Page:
Matt Vensel is in his first year at the Star Tribune after covering the Ravens for the Baltimore Sun for six years. He is a Pittsburgh native and a Penn State grad. Follow him at @mattvensel.
Mark Craig has covered the NFL for 23 years, and the Vikings since 2003 for the Star Tribune. He is one of 44 Pro Football Hall of Fame selectors. Follow him at @markcraignfl.
Master Tesfatsion is the Star Tribune’s digital Vikings writer. He is a 2013 graduate of Arizona State and worked for mlb.com before arriving in Minneapolis. Follow him at @masterstrib.
Unable to build an ark big enough to contain a football field, the Vikings stayed indoors today for the last day of the team’s mandatory minicamp and the final practice of Mike Zimmer’s first offseason workout program. The indoor facility isn’t ideal for a roster of 90 players, but Zimmer and his coaching staff used the time to focus on individual technique and drill the group in situational drills.
At one point when the players were broken up by positions, Zimmer stood in the middle of a triangle of defensive position groups. He watched the linebackers and barked out something at middle linebacker Michael Mauti. Then he walked over to the defensive linemen and gave a quick pointer to defensive end Brian Robison. He turned his attention to the defensive backs, and passed along a coaching point to one of his assistants to relay to the players. It’s clear that Zimmer loves the teaching aspect of the game, and it has been fun watching him educate his players.
The final drill of the day was the two-minute offense -- in which they needed seven points, not a field goal -- and two of the three quarterbacks were able to lead their respective offenses to touchdowns.
Veteran Matt Cassel went first, but despite completing seven of his 10 attempts and converting on a 4th-and-4 play early in the drive, he was unable to get the starters into the end zone.
Teddy Bridgewater was with the second-stringers and he completed eight of his nine attempts (not including spikes to stop the clock). The lone incompletion was a drop by rookie running back Dominique Williams. With the defense backing off to avoid giving up the big play, Bridgewater gradually moved the offense across midfield with short passes, including a fourth-down completion to wide receiver Adam Thielen. With nine seconds on the clock and the ball near the 30-yard line, Bridgewater had one final shot at the end zone, and he arched a beautiful ball to rookie wide receiver Kain Colter, who made a nice catch in the back of the end zone for the touchdown.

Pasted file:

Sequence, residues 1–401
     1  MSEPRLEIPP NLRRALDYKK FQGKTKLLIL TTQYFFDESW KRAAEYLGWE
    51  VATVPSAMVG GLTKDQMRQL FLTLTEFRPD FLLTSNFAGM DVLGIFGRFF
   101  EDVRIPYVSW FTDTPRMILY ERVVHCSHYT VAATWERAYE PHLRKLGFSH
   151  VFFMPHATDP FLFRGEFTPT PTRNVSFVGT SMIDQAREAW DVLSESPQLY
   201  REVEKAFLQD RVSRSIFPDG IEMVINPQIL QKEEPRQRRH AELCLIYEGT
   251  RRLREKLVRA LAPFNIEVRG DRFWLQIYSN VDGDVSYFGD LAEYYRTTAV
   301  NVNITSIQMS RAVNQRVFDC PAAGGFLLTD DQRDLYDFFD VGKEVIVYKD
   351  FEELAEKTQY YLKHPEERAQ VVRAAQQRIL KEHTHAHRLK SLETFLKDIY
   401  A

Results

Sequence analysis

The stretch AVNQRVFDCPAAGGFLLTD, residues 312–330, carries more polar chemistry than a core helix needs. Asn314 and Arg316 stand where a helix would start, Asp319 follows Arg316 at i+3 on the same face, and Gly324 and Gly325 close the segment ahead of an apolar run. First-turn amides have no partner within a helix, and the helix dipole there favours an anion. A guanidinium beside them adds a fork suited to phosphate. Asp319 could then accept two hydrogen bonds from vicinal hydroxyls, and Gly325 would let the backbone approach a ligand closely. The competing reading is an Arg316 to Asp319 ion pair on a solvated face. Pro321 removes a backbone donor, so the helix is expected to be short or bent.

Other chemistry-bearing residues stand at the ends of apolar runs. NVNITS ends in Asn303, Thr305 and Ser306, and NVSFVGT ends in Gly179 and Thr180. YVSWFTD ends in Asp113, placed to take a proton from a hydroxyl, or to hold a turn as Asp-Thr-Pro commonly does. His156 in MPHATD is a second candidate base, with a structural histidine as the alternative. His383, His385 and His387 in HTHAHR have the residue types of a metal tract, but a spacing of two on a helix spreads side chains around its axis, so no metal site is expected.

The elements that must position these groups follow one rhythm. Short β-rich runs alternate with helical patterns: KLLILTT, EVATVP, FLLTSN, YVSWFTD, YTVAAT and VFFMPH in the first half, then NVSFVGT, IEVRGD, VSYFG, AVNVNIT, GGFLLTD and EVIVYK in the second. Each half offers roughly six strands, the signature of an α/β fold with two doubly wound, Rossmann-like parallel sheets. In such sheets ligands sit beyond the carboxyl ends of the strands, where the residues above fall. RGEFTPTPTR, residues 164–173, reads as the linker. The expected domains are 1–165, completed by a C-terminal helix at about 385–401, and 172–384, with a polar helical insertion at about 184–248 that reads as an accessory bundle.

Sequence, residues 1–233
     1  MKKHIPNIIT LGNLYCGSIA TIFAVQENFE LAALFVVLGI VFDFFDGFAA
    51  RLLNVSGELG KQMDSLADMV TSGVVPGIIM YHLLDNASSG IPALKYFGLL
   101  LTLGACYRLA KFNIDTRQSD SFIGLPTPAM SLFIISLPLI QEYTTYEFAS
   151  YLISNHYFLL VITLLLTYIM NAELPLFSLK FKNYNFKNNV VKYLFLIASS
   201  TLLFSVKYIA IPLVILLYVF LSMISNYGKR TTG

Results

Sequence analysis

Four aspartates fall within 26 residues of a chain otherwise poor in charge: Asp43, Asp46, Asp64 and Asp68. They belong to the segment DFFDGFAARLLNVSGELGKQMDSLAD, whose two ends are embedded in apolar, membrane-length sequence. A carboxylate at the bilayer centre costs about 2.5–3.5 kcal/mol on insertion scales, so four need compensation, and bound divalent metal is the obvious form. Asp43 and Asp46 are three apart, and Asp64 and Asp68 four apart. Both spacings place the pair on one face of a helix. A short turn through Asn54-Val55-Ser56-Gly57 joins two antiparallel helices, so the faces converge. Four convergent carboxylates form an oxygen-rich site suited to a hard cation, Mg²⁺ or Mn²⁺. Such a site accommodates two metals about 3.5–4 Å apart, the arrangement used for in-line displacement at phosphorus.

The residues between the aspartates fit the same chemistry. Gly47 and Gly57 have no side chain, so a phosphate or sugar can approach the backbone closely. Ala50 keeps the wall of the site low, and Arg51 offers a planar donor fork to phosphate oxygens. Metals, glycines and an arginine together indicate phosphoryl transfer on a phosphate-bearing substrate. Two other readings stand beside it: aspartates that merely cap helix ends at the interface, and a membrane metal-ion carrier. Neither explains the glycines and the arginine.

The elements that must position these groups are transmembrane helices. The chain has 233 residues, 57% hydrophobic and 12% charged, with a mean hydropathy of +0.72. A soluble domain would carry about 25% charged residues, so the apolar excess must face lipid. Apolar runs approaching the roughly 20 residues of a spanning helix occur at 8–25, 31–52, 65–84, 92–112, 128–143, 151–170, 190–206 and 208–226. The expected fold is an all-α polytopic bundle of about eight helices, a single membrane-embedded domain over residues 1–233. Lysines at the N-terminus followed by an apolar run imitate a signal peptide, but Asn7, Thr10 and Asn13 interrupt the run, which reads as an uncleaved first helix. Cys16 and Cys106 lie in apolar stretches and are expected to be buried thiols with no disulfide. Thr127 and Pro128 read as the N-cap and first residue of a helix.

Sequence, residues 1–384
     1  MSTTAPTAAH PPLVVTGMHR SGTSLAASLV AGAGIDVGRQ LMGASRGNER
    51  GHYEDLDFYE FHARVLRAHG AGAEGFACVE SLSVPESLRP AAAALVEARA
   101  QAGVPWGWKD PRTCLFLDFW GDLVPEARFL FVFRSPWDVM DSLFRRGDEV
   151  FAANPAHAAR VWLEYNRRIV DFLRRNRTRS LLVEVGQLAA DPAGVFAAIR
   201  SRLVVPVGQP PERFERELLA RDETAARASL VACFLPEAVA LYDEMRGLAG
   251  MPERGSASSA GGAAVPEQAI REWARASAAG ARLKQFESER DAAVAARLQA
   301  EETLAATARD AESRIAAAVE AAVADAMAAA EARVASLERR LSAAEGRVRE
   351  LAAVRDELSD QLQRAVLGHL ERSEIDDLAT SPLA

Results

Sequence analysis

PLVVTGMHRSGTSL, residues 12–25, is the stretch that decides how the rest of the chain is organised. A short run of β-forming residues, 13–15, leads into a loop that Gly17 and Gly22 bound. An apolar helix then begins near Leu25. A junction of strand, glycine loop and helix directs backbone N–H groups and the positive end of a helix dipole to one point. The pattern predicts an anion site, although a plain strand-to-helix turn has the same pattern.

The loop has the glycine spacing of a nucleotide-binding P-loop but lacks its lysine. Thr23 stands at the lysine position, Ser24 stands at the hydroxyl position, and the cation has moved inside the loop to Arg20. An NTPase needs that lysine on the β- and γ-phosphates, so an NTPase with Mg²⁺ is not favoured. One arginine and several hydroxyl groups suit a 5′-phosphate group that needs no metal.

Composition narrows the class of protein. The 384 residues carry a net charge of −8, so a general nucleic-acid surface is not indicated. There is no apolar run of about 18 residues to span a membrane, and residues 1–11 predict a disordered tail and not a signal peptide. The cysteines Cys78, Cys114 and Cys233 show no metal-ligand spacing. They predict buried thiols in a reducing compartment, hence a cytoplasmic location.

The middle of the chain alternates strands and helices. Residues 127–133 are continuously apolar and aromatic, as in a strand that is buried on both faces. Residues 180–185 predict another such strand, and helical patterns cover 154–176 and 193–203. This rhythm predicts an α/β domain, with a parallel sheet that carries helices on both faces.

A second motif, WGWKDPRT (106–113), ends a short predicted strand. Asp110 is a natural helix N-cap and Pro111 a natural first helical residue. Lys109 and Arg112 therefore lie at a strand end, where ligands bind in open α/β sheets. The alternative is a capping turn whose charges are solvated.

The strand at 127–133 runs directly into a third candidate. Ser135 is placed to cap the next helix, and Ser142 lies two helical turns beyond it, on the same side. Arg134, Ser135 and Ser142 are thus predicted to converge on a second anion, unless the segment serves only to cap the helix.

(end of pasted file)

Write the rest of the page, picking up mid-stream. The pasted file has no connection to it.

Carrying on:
Christian Ponder was the last to go. He was sharp, too, completing seven of his eight attempts, including a short pass to wide receiver Kamar Jorden in the end zone with plenty of time to spare.
After practice, Zimmer called his players to midfield. They were joined by more than a dozen former Vikings players, including Mick Tingelhoff and Rich Gannon. After Zimmer finally broke the huddle ending the camp, the current Vikings players gave the old guys a round of applause.
Zimmer then began his press conference, and he told us that he thought he might actually miss all of his players over the next five weeks -- not that he actually shared that sentiment with them.
Zimmer talked about how he was awed with running back Adrian Peterson’s cutting ability and had some praise for Robison. But the highlight was that he said he has a date in mind by which he would like to name a starting quarterback. Sorry, guys, but he wasn’t sharing that with us today.
I’d say he was saving it for a rainy day, but, well, my shoes are still soaked from this morning.
Vikings rookie quarterback Teddy Bridgewater said all the right things last week when he was asked if he would be content with holding a clipboard at the start of the NFL career.